Monday, December 6, 2021

Malaysian death row inmate in bid to cite Singapore minister for contempt

Rahmat Karimon and 16 other prisoners say K Shanmugam's remarks in parliament pose a risk of prejudice or interference with their ongoing court case on racial discrimination.

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A Malaysian prisoner on death row in Singapore has applied to the High Court in the city-state to cite the home minister for contempt of court, following comments made by K Shanmugam in parliament said to have undermined an earlier civil suit on racial discrimination in the authorities’ prosecution of cases involving capital crime.

Rahmat Karimon, represented by rights lawyer M Ravi, is one of 17 prisoners who recently filed a suit accusing the Singapore government of racial bias due to their Malay ethnicity.

They had named the attorney-general as the defendant, accusing him of breaching a constitutional guarantee on equal treatment under the law.

Rahmat is the only Malaysian in the group; the other 16 are Singaporeans.

The originating summons dated Oct 7, seeking leave for an order of committal against Shanmugam, was filed by Syed Suhail Syed Zin, one of the 16 Singaporean prisoners.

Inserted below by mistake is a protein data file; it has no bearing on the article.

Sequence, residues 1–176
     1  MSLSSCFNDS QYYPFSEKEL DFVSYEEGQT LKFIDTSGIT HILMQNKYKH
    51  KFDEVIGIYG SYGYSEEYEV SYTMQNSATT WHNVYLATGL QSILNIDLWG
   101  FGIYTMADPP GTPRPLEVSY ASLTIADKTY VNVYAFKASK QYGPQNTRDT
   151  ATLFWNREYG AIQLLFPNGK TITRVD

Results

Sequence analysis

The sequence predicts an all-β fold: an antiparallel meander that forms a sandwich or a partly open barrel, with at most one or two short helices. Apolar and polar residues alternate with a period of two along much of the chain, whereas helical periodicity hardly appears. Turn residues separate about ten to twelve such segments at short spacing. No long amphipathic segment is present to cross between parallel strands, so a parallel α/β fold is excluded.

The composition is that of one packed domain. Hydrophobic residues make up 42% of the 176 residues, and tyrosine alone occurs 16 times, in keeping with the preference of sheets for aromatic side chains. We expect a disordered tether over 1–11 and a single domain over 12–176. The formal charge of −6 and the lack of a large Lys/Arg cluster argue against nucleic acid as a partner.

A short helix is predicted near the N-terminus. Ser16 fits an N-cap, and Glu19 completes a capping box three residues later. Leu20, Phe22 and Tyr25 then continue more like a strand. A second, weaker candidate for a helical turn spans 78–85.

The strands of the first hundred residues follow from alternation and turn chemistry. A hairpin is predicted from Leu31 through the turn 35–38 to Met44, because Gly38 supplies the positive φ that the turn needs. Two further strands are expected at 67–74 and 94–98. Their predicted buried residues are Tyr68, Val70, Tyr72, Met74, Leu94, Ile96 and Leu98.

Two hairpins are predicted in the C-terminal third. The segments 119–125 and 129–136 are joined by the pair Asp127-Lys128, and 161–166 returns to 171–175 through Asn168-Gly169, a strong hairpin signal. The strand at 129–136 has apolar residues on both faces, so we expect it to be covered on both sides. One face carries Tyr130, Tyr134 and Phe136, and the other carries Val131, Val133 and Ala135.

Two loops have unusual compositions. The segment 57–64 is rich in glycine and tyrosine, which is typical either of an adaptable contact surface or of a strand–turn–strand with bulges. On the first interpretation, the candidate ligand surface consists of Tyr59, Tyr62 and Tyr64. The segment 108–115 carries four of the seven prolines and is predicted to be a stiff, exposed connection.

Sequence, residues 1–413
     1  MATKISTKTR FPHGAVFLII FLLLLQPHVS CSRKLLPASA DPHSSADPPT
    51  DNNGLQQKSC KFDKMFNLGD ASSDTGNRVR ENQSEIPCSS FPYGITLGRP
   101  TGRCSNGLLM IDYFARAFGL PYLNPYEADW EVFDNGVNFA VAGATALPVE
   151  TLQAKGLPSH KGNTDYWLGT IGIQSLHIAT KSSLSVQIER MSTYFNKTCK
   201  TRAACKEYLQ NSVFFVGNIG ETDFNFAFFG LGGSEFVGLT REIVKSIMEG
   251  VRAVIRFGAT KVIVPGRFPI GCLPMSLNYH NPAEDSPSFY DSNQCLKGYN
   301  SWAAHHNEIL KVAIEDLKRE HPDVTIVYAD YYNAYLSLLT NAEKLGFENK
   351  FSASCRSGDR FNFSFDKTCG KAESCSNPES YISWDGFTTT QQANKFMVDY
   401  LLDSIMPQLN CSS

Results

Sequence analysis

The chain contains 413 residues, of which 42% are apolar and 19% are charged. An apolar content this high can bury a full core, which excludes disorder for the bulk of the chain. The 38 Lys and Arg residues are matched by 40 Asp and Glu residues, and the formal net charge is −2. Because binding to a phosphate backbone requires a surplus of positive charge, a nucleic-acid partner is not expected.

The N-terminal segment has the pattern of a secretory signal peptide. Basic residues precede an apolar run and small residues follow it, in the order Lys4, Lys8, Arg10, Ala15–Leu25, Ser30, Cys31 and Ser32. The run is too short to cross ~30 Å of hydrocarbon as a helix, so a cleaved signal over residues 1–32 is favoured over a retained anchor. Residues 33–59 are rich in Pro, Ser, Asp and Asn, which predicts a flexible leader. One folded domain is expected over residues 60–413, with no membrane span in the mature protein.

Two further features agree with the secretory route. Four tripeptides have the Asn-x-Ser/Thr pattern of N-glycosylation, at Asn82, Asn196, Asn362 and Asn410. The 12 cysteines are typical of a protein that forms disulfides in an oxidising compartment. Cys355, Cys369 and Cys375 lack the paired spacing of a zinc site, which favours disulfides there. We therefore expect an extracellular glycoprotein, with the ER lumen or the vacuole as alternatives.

It said the minister had referred to the ongoing case in parliament in the following remarks:

“There is a case pending, an application by 17 prisoners awaiting capital punishment; they are making an application against the attorney-general; they seek various reliefs against the attorney-general; various allegations have been made, which the AGC considered to be completely scurrilous, and without basis, and made to simply throw mud and stir…”

“We take the view that such public comments amount to an interference or pose a real risk of prejudice or interference with the course of a court proceeding that is currently pending, namely OS 825,” the prisoners said.

“This amounts to contempt of court under Section 3(1)(b) of the Administration of Justice (Protection) Act 2016. Such comments made in contempt of court are also not protected by parliamentary privilege.”

The prisoners’ joint affidavit in their initial suit, spanning close to 100 pages, had that Malays sentenced to death are “significantly overrepresented” compared to their share in the population of Singapore.

They said while Singapore’s racial proportion had remained more or less the same over the decades, the same was not the case when it came to people who are sentenced to death.

Malays make up 13.5% of the population in the city-state, where 74.3% are Chinese and 9% are Indians, based on official statistics up to June last year.

MalaysiaNow, which carried a report on the suit, was later threatened with contempt of court action by the Singapore attorney-general, along with Ravi and rights group Lawyers for Liberty.

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